[ntp:questions] Re: 'summary.in' and 'plot_summary.in
Richard B. Gilbert
rgilbert88 at comcast.net
Mon Jan 24 18:24:22 UTC 2005
Nigel Smith wrote:
>I am looking for ways to analyze and graph the statistics generated by
>NTP and came across the two perl files 'summary.in' and
>'plot_summary.in' in the scripts directory of ntp-4.2.0.tar.gz
>
>Is any one else using these scripts? What is your experience with them?
>
>When I try analyzing my statistics, with 'summary.in', I am getting a
>few error lines like this:
>Can't take sqrt of -384.314 at /root/summary.pl line 326.
>Can't take sqrt of -427.51 at /root/summary.pl line 326.
>Can't take sqrt of -1.63582e+08 at /root/summary.pl line 326.
>
>How worried should I be by these errors? What could be causing them?
>Has any one got a fix for the code?
>
>Can anyone recommend any other good ways to analyze and graph the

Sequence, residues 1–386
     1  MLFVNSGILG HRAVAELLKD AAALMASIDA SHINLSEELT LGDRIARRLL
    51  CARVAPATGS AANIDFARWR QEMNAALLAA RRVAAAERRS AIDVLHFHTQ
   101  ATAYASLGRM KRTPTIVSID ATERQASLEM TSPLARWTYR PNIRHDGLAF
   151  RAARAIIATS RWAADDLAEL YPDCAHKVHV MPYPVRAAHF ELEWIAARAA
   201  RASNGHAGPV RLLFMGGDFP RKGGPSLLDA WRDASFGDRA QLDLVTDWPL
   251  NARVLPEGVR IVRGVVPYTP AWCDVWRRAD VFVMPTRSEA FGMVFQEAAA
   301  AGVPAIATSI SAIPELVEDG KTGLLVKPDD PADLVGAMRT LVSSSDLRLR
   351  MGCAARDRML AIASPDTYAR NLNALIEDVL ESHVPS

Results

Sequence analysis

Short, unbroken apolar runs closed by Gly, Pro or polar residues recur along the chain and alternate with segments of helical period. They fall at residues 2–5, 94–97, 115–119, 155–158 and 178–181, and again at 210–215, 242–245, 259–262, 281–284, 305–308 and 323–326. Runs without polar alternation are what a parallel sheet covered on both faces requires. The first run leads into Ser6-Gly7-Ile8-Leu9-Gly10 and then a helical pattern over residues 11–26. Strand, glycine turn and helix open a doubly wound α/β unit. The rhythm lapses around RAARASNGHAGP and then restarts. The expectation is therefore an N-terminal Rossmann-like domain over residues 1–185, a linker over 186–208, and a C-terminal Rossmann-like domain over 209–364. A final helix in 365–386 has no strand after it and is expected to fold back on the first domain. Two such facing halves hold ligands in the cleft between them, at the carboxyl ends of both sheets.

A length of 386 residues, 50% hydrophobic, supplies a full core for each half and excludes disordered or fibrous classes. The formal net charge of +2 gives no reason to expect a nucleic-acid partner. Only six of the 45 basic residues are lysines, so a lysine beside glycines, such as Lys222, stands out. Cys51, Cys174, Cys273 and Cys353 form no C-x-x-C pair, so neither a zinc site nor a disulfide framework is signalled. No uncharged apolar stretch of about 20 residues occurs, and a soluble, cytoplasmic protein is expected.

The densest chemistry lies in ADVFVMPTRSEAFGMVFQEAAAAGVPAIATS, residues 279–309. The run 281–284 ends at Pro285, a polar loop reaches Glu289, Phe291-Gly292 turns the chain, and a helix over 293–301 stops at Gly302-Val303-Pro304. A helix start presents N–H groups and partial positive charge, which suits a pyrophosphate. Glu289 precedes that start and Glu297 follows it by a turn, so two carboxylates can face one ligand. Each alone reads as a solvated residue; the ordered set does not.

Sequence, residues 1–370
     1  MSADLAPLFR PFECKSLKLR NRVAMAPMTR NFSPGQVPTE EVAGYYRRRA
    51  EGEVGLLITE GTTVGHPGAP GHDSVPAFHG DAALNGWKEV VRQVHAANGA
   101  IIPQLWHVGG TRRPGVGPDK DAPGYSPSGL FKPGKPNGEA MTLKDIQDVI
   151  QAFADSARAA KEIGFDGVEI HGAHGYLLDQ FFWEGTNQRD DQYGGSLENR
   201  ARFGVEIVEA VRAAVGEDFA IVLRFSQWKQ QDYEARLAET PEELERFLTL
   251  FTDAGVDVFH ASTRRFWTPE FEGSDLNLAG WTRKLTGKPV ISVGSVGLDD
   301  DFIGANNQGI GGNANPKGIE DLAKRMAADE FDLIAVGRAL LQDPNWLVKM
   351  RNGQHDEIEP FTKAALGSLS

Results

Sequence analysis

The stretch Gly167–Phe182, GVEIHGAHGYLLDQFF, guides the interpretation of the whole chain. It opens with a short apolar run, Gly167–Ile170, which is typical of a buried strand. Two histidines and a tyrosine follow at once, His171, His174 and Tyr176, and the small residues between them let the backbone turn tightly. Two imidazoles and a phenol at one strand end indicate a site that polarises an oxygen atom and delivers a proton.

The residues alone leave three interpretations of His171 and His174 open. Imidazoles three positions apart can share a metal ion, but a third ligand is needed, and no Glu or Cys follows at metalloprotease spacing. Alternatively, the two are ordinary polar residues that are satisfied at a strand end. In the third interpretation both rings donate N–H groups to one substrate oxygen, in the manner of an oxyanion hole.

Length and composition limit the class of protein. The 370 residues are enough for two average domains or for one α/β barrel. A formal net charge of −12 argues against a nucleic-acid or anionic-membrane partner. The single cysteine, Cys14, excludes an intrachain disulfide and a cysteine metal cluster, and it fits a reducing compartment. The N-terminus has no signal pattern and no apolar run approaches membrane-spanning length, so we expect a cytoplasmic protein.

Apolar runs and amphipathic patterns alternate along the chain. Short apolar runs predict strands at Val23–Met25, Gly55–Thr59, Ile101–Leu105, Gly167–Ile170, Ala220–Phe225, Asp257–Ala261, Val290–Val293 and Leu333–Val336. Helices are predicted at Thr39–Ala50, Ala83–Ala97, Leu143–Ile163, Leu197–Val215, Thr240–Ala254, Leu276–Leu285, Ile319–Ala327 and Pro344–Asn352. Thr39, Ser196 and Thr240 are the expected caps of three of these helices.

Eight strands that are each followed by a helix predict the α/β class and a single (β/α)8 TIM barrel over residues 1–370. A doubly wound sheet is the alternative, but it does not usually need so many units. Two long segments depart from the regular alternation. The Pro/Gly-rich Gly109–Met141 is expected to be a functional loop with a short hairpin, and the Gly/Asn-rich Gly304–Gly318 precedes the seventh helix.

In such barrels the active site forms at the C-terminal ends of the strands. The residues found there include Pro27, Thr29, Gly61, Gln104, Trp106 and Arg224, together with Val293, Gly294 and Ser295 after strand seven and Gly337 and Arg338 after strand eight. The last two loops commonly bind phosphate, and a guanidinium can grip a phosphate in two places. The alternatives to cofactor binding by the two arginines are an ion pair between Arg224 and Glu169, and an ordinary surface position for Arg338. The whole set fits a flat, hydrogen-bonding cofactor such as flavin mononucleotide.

>statistics file, both on a daily basis and also more long term
>analysis?
>
>Thanks
>Nigel Smith
>
>
>
I just had a *very* quick look at that code. It looks as if the author
fell into a relatively well known trap.
Variance is defined as "the square root of the sum of the squares of the
sample deviations from the mean divided by the number of samples. The
safe way to calculate this requires that you first find the mean of the
samples and then calculate the sum of the squares of the deviations from
the mean. Many programmers use a shortcut that is mathematically
equivalent but is not "computationally equivalent" when using floating
point numbers.
That shortcut looks like this (in pseudo code)
a=0
for i = 1 to N
{
s +=x**2
t+=x
}
sigma = s/N - (t/N)**2
Computations using a limited number of significant figures can result
in a mathematically impossible result of a negative variance. When you
then try to calculate the standard deviation by finding the square root
of the variance, the program blows up in your face.
It looks as if the code does something similar. The only sure fix is
to rewrite the code to do the calculation in a way that is both
mathematically and computationally correct! If perl supports "double
precision" the additional significant figures might alleviate the
problem somewhat but probably not eliminate it completely.
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